One offer two techniques: foot-in-the-door versus that’s- not- all

Consider the following offer made by a direct marketer through print media (inanimate medium with lesser possibilities for dramatization):

‘Lotto combo: actual price Rs 10894 but we will give it to you at an offer price of Rs 2499- save 77%

  • Duffle bag
  • Gym bag
  • Lotto shoes
  • Lotto black T shirt
  • Lotto white shirt
  • Lotto wrist watch

And now consider the following offer made by a direct marketer on television (seller str talking straight to prospects):

  • Today’s special offer, Lotto shoes market price Rs 3499 at special price Rs 2499
  • That’s not all; you get duffle bag worth 1999 with the shoes
  • That’s not all, along with duffle bag you get a gym bag worth Rs 999
  • You get merchandise  worth Rs 6497 for just Rs 2499
  • It is a limited period offer

That’s not all, we will give you a pair of two T shirts (white and black) of your size worth Rs 2400 if you order now

Now you are getting good quality branded merchandise worth Rs 7697 for just Rs 2499

  • Can you get this kind of attractive offer any where?
  • We have limited stocks and the offer is open till stocks last.
  • Today is a lucky day for you customers, that’s not all in this combo.
  • We will give you a wrist watch worth Rs 3197
  • That makes the total combo value Rs 10894 which you will get for just Rs 2499

Technically both the offers are identical but would the method of selling make a difference in customer response? Professor Burger’s finding in similar kind of situation revealed that compliance rate is likely to be higher in the latter offer.

The first marketer’s offer is some what based on ‘foot-in-the-door technique’. This involves making a first big request (Rs 10894) followed by a more reasonable request (Rs2499) to extract customer compliance. This technique relies upon the principle of reciprocity. If somebody acts reasonably (sacrifices made by the marketer by coming down from a big amount to a lower amount) with us we feel compelled to respond similarly in return.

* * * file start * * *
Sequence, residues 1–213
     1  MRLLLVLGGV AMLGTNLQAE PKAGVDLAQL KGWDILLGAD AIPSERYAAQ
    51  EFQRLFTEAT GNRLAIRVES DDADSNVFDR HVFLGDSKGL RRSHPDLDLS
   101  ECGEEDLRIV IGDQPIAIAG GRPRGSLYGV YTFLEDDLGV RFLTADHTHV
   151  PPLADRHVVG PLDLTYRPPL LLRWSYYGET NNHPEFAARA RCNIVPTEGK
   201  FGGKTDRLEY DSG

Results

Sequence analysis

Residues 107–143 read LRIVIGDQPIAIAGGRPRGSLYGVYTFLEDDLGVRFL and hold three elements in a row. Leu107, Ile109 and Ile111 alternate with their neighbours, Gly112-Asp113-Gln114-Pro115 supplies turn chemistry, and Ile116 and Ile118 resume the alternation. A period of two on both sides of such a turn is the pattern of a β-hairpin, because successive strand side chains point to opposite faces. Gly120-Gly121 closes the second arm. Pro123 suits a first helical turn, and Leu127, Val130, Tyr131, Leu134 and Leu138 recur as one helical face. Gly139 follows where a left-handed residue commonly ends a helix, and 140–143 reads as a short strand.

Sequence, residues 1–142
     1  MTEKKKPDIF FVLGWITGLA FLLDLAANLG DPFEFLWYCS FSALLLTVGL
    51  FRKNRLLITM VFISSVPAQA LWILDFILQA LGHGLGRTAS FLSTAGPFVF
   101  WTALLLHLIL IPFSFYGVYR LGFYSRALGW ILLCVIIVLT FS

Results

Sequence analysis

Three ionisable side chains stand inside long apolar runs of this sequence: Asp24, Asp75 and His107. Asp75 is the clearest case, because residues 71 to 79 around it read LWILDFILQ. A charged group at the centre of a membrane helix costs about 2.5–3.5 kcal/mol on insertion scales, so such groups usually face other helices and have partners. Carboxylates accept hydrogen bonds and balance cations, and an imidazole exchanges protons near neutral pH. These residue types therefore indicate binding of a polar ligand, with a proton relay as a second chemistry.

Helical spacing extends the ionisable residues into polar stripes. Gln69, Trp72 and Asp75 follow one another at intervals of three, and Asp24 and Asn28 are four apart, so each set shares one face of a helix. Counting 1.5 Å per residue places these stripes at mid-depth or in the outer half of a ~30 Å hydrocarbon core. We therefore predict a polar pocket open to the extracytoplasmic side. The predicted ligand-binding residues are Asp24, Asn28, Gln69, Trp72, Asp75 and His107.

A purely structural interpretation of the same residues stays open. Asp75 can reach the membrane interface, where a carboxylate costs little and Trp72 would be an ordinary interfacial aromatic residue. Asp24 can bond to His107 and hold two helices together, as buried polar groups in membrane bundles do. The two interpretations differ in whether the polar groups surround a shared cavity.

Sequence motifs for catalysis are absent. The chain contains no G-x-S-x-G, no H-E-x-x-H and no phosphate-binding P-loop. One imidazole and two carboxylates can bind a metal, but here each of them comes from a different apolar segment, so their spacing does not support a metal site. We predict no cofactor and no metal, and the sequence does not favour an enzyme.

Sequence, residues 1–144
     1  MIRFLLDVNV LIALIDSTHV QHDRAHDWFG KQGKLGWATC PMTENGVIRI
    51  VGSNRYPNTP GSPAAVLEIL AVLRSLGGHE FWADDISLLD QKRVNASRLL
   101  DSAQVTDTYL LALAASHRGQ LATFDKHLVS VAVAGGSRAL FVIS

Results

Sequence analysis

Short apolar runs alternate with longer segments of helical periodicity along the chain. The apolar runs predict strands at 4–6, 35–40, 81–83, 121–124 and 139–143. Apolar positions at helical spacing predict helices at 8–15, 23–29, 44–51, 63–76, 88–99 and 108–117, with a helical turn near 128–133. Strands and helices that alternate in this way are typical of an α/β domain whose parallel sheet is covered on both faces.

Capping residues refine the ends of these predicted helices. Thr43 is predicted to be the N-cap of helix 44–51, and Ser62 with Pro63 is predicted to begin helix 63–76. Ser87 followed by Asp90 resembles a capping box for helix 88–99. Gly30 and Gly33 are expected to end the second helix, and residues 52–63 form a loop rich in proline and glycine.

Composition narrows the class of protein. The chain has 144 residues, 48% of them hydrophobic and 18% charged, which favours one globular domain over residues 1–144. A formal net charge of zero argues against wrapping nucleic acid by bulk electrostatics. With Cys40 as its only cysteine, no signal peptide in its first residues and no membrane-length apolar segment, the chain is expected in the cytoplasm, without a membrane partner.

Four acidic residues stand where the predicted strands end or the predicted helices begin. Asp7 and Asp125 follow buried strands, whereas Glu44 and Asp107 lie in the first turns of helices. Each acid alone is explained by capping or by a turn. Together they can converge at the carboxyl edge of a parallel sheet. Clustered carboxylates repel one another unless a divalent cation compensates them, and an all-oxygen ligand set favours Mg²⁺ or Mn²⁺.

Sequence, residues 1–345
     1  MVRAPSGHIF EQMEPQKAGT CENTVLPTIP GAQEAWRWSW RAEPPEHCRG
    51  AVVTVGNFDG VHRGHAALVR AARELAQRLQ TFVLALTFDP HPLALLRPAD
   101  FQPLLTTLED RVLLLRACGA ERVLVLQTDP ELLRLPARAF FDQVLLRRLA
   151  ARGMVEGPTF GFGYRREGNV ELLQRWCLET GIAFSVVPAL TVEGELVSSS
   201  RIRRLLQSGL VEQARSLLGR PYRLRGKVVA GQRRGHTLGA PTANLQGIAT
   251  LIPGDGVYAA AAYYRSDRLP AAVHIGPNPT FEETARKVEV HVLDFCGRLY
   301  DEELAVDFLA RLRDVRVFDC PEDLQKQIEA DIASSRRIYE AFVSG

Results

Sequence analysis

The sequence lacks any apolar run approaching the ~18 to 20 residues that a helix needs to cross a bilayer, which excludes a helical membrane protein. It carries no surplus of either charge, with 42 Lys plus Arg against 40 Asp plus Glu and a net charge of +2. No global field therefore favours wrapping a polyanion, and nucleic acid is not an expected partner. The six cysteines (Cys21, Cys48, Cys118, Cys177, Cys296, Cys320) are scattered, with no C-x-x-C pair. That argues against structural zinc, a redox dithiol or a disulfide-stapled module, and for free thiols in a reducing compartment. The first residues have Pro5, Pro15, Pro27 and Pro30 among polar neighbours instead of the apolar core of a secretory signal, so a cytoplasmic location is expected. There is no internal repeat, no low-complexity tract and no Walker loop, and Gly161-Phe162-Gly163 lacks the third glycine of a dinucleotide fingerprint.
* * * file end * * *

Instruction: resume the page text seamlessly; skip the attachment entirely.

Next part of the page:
The second offer is built on ‘that’s not all technique’ to get the prospect into complying behavior. Here the initial deal is made attractive sequentially by subsequent additions ( to the other person, with each addition, the ofer begins to appear better and better- and thus evokes the obligation to respond. The social norm of reciprocity is that if he is making so much of concessions, I must do the same.

Reciprocity is the underlying principle employed in both of  these techniques. Superior compliance is achieved in that-is-not-all condition because the deal is made successively attractive even before customer gets a chance to reject the offer. This builds up pressure to comply. But in the door-in-the-face condition, when buyer rejects the offer he is offered a better deal. In that’s not all technique the customer is not allowed to focus on the real information; rather the successive additions drive attention away from it. The presenter employs high voltage pitch and pointers (camera zooms in on displayed articles) to draw attention to what customer is getting.


3 thoughts on “One offer two techniques: foot-in-the-door versus that’s- not- all

  1. Both work on the principle of eliciting “Greed”! Who will feel greedy when & how may be subjective, but “That’s not all….” is endogenously greed elicitation technique than “Combo” offer technique. “That’s not all” is sequentially built up like a stepladder and therefore media-availability dependent, whereas “Combo Offer” is concise and versatile. The problem of compliance lies less in the techniques or the offer, but more on the ‘credibility’ of the channel.

  2. I don’t think greed entirely explains this behavior. The norm of reciprocity in social conduct also plays instrumental role. When the other person is perceived to be ‘giving up’ or ‘surrendering’, we feel obligated to behave in similar manner. Thanks a lot for your comment.

  3. i agree to ‘reciprocity factor’
    the deceptive techniques above aim at creating cognitive dissonance among prospects … easily if the channel leads to personal impact …
    where techniques form intricate part of these personal impacts….

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